Harriet Beecher Stowe - Quotes

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Never give up, for that is just the place and time that the tide will turn.

Never give up, for that is just the place and time that the tide will turn.

When you get into a tight place and everything goes against you, till it seems as though you could not hang on a minute longer, never give up then, for that is just the place and time that the tide will turn.

When you get into a tight place and everything goes against you, till it seems as though you could not hang on a minute longer, never give up then, for that is just the place and time that the tide will turn.

To be really great in little things, to be truly noble and heroic in the insipid details of everyday life, is a virtue so rare as to be worthy of canonization.

To be really great in little things, to be truly noble and heroic in the insipid details of everyday life, is a virtue so rare as to be worthy of canonization.

The past, the present and the future are really one: they are today.

The past, the present and the future are really one: they are today.

Friendships are discovered rather than made. ---->>>

The bitterest tears shed over graves are for words left unsaid and deeds left undone.

The bitterest tears shed over graves are for words left unsaid and deeds left undone.

It's a matter of taking the side of the weak against the strong, something the best people have always done. ---->>>

So much has been said and sung of beautiful young girls, why doesn't somebody wake up to the beauty of old women. ---->>>

Perhaps it is impossible for a person who does no good to do no harm. ---->>>

All places where women are excluded tend downward to barbarism; but the moment she is introduced, there come in with her courtesy, cleanliness, sobriety, and order.

All places where women are excluded tend downward to barbarism; but the moment she is introduced, there come in with her courtesy, cleanliness, sobriety, and order.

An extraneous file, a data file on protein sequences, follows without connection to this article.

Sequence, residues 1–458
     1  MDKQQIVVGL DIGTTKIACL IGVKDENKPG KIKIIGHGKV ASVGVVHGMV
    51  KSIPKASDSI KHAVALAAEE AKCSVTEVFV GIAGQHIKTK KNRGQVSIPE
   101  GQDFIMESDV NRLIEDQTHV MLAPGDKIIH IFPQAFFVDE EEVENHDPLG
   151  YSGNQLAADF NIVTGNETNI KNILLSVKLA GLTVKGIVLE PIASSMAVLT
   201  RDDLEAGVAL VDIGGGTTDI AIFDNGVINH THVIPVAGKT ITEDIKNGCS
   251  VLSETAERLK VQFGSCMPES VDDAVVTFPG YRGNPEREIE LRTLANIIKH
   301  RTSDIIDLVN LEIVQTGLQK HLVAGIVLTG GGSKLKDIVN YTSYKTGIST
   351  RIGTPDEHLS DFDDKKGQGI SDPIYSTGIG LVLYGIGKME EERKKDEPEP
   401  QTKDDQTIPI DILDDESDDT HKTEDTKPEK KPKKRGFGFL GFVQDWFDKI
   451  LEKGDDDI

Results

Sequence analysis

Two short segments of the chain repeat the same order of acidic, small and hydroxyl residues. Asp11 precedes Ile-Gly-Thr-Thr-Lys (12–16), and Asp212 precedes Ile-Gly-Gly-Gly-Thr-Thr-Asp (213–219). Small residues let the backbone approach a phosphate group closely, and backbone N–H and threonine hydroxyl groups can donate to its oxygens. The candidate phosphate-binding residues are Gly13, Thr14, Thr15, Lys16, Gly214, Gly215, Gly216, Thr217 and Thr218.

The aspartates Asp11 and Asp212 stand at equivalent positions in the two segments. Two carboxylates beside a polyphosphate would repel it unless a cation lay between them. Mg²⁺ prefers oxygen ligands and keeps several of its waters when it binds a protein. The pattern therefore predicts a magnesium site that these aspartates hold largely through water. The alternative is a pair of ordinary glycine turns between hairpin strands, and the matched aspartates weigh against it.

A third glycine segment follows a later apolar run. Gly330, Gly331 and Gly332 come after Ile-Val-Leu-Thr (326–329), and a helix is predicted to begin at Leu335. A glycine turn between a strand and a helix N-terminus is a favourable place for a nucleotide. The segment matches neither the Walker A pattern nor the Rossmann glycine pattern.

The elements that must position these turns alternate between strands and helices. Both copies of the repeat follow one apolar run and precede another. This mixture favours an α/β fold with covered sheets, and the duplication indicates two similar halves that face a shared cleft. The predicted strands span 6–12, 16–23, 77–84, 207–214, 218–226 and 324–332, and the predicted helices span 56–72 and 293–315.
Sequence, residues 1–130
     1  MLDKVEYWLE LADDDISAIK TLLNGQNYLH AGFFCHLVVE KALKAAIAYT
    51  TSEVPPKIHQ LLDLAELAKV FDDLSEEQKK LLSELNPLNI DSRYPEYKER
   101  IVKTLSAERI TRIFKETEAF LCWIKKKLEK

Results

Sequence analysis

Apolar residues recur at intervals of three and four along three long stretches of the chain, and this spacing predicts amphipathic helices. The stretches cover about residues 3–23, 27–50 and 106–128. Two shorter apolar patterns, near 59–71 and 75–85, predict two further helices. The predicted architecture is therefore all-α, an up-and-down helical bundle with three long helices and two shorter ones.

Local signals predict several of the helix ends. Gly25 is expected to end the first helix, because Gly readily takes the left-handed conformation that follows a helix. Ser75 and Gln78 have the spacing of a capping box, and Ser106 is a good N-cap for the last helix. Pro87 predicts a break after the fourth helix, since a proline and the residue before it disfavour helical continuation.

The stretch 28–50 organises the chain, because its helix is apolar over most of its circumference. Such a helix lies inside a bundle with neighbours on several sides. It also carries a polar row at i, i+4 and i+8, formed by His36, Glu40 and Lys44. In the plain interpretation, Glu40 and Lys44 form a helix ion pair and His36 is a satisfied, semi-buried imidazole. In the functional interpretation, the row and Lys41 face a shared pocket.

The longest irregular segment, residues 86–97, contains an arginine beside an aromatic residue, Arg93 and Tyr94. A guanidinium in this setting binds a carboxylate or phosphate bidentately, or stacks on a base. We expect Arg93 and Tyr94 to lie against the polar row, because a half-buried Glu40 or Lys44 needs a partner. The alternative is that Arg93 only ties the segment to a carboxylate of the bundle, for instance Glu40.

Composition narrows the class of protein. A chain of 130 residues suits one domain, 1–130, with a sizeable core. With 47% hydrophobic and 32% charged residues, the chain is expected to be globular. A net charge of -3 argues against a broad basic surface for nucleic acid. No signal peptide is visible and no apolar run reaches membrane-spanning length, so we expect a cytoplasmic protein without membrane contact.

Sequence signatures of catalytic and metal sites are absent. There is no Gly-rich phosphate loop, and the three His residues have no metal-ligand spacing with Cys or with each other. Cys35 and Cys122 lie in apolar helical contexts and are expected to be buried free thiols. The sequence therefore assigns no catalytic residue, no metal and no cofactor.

One would like to be grand and heroic, if one could; but if not, why try at all? One wants to be very something, very great, very heroic; or if not that, then at least very stylish and very fashionable. It is this everlasting mediocrity that bores me. ---->>>

I did not write it. God wrote it. I merely did his dictation. ---->>>

Human nature is above all things lazy. ---->>>

In all ranks of life the human heart yearns for the beautiful; and the beautiful things that God makes are his gift to all alike. ---->>>

To do common things perfectly is far better worth our endeavor than to do uncommon things respectably. ---->>>

Most mothers are instinctive philosophers. ---->>>

No one is so thoroughly superstitious as the godless man. ---->>>

Any mind that is capable of real sorrow is capable of good.

Any mind that is capable of real sorrow is capable of good.

Whipping and abuse are like laudanum: you have to double the dose as the sensibilities decline. ---->>>

I would not attack the faith of a heathen without being sure I had a better one to put in its place. ---->>>

Where painting is weakest, namely, in the expression of the highest moral and spiritual ideas, there music is sublimely strong. ---->>>

A woman's health is her capital.

A woman's health is her capital.

The obstinacy of cleverness and reason is nothing to the obstinacy of folly and inanity. ---->>>

A man builds a house in England with the expectation of living in it and leaving it to his children; we shed our houses in America as easily as a snail does his shell. ---->>>

Everyone confesses that exertion which brings out all the powers of body and mind is the best thing for us; but most people do all they can to get rid of it, and as a general rule nobody does much more than circumstances drive them to do. ---->>>

Biography

Nationality: American
Born: June 14, 1811
Birthplace:
Die: July 1, 1896
Occupation: Author
Website:

Harriet Elisabeth Beecher Stowe (; June 14, 1811 – July 1, 1896) was an American abolitionist and author. She came from the Beecher family, a famous religious family, and is best known for her novel Uncle Tom's Cabin (1852), which depicts the harsh conditions for enslaved African Americans. The book reached millions as a novel and play, and became influential in the United States and Great Britain, energizing anti-slavery forces in the American North, while provoking widespread anger in the South (wikipedia)